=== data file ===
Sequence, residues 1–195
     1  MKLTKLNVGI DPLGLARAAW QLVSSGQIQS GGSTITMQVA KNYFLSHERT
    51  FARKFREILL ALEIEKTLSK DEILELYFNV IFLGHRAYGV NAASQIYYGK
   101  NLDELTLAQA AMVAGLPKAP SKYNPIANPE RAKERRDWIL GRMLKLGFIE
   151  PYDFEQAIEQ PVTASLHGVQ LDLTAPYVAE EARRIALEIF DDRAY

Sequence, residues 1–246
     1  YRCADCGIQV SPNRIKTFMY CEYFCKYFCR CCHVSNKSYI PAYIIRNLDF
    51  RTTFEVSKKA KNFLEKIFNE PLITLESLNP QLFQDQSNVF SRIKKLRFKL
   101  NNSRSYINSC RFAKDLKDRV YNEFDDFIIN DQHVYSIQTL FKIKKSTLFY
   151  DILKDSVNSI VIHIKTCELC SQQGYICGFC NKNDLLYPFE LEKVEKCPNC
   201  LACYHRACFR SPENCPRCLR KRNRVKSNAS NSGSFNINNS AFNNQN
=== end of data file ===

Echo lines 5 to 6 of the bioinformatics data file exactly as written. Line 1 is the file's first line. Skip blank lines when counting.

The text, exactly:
   151  PYDFEQAIEQ PVTASLHGVQ LDLTAPYVAE EARRIALEIF DDRAY

Sequence, residues 1–246